• Kyodo


Japan might not have many reasons to get overly excited about the taekwondo tournament at the Rio Summer Olympics.

After all, there is only one athlete representing the country, in the women’s 57-kg class.

However, that is precisely why there is hope for the country’s first Olympic gold in the sport being held at the Carioca Arena in Rio’s Barra da Tijuca district from Aug. 17-20.

Mayu Hamada became the only Japanese athlete to ever win a gold medal at the taekwondo world championships when she achieved the feat last year in Chelyabinsk, Russia. No Japanese athlete has ever won gold at a Summer Games in the sport since taekwondo’s debut at the 2000 Sydney Olympics.

When she debuted at the London Games as an 18-year-old four years ago, Hamada narrowly missed out on a medal, finishing in fifth place.

Now Hamada is relishing her chance to take a spot atop the medals podium and her passion burns even brighter with the aim of riding that momentum as defending champion into the 2020 Tokyo Olympic Games, where she can prove her dominance on home soil.

“I am only shooting for a gold medal in Rio,” Hamada said last month at a send-off party, where nearly 400 people gathered in her honor at her former high school in Saga Prefecture.

The students of Koshikan High School buoyed her spirits, urging her to go for broke in Rio.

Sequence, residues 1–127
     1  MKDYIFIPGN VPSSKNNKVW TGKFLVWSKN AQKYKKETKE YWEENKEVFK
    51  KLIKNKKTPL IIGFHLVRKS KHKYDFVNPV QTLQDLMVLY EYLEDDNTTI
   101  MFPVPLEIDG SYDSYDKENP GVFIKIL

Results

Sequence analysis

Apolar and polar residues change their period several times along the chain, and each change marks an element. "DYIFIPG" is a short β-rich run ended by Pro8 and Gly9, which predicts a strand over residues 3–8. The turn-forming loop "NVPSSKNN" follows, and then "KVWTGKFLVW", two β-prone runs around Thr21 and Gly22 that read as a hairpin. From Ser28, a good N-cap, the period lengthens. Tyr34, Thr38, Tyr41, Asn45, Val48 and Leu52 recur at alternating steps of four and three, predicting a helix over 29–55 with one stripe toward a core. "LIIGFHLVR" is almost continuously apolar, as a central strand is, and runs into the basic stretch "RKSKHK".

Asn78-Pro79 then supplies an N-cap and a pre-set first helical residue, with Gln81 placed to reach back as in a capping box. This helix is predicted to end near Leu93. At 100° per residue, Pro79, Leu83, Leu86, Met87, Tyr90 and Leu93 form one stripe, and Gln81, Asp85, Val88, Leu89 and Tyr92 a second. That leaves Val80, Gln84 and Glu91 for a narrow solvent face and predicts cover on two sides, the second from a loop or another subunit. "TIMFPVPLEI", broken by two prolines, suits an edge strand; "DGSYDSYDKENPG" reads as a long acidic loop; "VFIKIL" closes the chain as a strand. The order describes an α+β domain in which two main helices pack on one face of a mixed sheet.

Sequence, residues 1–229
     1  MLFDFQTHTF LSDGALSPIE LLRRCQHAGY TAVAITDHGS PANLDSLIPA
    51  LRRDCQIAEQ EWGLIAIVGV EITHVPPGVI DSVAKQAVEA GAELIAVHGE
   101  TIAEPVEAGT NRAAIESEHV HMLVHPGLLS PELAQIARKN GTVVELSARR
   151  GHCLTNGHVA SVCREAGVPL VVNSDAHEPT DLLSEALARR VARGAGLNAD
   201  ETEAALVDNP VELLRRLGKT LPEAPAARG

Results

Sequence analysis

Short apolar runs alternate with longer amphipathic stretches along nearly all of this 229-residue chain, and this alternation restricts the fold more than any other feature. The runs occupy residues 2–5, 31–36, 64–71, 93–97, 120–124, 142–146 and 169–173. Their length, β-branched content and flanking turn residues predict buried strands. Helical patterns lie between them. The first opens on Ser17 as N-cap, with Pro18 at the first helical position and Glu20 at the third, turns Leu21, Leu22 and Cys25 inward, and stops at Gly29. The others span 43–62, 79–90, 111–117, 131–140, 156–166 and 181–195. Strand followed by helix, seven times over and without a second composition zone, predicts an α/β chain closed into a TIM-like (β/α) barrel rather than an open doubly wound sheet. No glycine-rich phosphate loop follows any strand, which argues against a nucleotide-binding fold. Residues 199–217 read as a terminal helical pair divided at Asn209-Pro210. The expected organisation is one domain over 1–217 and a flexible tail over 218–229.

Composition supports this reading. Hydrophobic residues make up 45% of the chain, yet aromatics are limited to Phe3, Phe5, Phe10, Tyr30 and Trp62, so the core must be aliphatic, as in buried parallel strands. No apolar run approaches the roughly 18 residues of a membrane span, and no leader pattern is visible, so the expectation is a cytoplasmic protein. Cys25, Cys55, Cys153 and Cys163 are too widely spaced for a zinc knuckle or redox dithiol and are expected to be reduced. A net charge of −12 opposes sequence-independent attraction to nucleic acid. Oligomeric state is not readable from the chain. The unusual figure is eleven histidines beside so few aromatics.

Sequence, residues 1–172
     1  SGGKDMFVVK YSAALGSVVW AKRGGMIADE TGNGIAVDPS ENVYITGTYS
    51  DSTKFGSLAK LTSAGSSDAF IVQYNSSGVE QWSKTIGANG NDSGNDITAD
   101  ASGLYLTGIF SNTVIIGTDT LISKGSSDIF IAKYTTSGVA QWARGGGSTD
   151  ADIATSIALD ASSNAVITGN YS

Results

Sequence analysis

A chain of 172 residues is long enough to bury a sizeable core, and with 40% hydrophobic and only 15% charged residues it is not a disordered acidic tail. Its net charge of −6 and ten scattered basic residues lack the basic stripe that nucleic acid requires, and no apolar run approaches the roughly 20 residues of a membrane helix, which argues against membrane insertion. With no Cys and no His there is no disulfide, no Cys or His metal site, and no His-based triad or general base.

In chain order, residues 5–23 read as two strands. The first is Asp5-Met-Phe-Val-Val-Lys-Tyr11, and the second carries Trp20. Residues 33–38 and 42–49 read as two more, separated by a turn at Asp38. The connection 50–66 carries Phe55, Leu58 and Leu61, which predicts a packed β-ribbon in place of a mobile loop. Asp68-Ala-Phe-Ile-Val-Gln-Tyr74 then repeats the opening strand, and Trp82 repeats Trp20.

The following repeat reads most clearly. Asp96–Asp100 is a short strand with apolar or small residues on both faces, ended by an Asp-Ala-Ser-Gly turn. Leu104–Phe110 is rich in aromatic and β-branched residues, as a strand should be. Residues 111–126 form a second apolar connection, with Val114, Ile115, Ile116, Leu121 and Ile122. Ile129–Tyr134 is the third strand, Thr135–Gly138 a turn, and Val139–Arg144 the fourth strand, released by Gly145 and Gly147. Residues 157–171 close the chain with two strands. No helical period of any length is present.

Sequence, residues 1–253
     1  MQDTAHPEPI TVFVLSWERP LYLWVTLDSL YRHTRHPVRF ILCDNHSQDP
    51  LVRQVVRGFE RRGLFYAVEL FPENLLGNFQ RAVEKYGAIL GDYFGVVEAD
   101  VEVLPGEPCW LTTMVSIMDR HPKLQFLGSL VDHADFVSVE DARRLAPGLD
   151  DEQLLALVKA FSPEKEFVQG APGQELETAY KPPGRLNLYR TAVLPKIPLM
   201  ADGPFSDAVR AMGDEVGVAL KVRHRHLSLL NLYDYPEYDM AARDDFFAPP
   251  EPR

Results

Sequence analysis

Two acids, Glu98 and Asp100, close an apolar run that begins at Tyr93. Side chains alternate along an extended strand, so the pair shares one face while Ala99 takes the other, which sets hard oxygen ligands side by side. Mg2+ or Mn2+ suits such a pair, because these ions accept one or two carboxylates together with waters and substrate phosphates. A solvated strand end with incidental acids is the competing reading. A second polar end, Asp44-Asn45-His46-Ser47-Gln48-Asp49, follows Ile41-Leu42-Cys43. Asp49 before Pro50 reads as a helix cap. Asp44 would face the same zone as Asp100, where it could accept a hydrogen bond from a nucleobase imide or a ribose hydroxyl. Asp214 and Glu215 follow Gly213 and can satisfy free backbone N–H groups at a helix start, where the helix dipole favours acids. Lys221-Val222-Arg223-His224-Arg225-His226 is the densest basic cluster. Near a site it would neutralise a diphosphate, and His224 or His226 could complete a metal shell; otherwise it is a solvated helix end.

“I think it would be great if there is someone among the crowd here who could compete together with me at the 2020 Tokyo Olympics,” Hamada said.

She outclassed Spain’s Eva Calvo Gomez in the final of last year’s worlds, stunning her opponent near the end of the second round when Hamada held a 2-1 lead. She threw her left leg out in a feint to the torso before connecting to the side of Calvo Gomez’ head with a kick to score three points.

Gomez rallied in the third round but Hamada held on for a 5-3 victory, etching her name in the history books.

With her 174-cm frame, Hamada is able to use her size and long legs effectively to keep opponents off-balance.

And although she came up short in London, Hamada earned a silver medal at the 2013 worlds in Puebla, Mexico. She took silver again at the 2014 Incheon Asian Games.

Aside from the likes of Gomez, Hamada will also be contending with 23-year-old London Olympic champion Jade Jones of Great Britain, who defeated Hamada in London but was eliminated in the quarterfinals of last year’s worlds.

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